Currently, 15-30% of concussion sufferers will experience significant, persistent cognitive deficits, such as processing speed, working memory, and the ability to switch or balance multiple thoughts. Unfortunately, doctors have no reliable way to asses if a concussion sufferer may fall into that group. Now, researchers at the University of Pennsylvania and Baylor College believe they have discovered a blood test that can determine if a concussion sufferer will experience long-term neural complications. By testing blood for elevated levels of a specific protein (STNF), medical professionals can accurately identify if recovery issues will arise and what additional treatment measures should be taken.
Frontiers in Neurology, November 2013
There were 116,395 new kidney failures, 571,414 people living with kidney failure, and 90,118 deaths from the disease in the United States in 2009. Moderate or light consumption of alcohol taken with acetaminophen may increase the risk of kidney dysfunction. Acetaminophen usage and low to moderate alcohol consumption are not considered as individual risk factors for kidney damage, but together, they increase a person’s risk for kidney damage by 123%.
Mayo Clinic, November 2013
A study from the United Kingdom found that fruit and vegetable intake was positively associated with increased total body bone mineral density and bone mineral content in adolescent girls and boys.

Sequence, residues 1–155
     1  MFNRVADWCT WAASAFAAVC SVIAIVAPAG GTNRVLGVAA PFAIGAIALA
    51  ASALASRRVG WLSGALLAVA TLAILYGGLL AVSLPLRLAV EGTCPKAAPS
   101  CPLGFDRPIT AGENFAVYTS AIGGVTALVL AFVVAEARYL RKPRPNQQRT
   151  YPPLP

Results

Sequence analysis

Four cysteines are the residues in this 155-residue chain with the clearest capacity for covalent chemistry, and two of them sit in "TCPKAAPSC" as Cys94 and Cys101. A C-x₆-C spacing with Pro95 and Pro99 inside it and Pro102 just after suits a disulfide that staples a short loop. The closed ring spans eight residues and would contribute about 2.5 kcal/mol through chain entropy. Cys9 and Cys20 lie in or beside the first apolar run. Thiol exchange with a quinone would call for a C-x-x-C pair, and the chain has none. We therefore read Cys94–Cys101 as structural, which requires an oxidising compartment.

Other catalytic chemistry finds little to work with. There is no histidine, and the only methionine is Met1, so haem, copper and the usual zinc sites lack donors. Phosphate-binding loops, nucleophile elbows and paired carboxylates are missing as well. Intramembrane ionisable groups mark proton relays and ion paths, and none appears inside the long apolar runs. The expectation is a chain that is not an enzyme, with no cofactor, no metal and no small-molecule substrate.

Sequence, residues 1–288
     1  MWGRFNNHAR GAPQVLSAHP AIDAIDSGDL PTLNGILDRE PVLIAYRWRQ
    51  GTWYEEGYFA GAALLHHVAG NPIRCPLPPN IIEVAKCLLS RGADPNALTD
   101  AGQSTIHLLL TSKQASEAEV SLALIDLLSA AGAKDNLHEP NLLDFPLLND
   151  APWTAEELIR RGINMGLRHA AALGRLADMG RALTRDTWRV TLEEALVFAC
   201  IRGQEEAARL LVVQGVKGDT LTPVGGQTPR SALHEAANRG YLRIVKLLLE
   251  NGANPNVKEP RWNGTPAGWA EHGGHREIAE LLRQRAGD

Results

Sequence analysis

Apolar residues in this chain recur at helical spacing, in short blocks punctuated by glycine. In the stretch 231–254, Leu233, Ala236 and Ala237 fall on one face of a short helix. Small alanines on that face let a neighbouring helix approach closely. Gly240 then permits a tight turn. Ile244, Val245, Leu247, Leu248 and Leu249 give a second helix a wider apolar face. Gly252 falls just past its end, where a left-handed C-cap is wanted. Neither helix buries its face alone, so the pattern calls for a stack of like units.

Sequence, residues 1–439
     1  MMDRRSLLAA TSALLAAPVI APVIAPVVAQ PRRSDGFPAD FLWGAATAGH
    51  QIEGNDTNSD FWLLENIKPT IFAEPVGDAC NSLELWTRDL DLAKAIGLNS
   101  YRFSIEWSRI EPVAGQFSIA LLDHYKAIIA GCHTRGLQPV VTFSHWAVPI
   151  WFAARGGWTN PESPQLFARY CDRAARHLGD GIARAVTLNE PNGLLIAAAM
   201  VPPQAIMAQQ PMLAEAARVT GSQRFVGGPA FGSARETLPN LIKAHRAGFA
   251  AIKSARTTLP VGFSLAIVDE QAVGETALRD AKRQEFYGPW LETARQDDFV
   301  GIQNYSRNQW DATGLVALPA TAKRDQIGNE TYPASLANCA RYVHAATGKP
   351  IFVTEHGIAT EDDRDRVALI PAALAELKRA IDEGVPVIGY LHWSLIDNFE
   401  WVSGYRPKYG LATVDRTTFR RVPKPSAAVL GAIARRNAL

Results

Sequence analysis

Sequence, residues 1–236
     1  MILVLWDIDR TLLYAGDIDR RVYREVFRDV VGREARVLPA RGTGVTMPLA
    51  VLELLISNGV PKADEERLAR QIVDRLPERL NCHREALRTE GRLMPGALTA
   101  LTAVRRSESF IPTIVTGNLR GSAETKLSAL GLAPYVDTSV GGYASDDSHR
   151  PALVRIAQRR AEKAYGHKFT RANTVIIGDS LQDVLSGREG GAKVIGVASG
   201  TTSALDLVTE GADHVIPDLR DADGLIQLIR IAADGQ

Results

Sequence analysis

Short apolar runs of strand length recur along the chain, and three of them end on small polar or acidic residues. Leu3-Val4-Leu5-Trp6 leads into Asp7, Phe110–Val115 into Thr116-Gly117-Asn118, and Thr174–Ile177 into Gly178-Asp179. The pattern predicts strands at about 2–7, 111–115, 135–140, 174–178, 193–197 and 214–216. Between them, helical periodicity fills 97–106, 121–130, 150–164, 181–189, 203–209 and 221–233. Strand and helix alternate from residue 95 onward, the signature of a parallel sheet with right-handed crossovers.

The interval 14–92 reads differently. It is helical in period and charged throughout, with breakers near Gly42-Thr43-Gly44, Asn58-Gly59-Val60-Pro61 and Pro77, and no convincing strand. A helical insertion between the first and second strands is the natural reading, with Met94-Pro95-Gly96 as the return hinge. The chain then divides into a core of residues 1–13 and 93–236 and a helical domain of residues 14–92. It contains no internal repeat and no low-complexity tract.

American Journal of Clinical Nutrition, June 2006
After the first two months of an exercise program, volunteers who had insomnia reported they were not sleeping any better than they had at the start of the study. It wasn’t until the four month mark that their insomnia improved. They also rarely reported sleeping better on nights when they had exercised and they almost always exercised for a shorter amount of time on the days after a poor night’s sleep.
Journal of Clinical Sleep Medicine, November 2013
Fifty patients with neck and arm pain caused by an MRI-confirmed cervical disk herniation received chiropractic adjustments over a 90-day period. After two weeks, 55.3% of patients reported their pain had significantly improved. This number rose to 68.9% after one month and 85.7% after three months of care. No adverse events were reported.
Journal of Manipulative and Physiological Therapeutics, October 2013
Endometriosis is a common condition that affects 10% of women during their reproductive years. Symptoms may include painful menstrual periods, pelvic pain, and infertility. Researchers looked to see if exposure to environmental chemicals with estrogenic properties (like some pesticides) could increase a woman’s risk for developing the disease. They found that women with blood samples showing exposure to two now-banned pesticides (beta-hexachlorocyclohexane and mirex) have a 30-70% higher risk for developing the condition. Study author Dr. Kristen Upson concludes, “The take-home message from our study is that the persistent environmental chemicals, even those used in the past, may affect the health of the current generation of reproductive-age women with regard to a hormonally driven disease.”
Environmental Health Perspectives, November 2013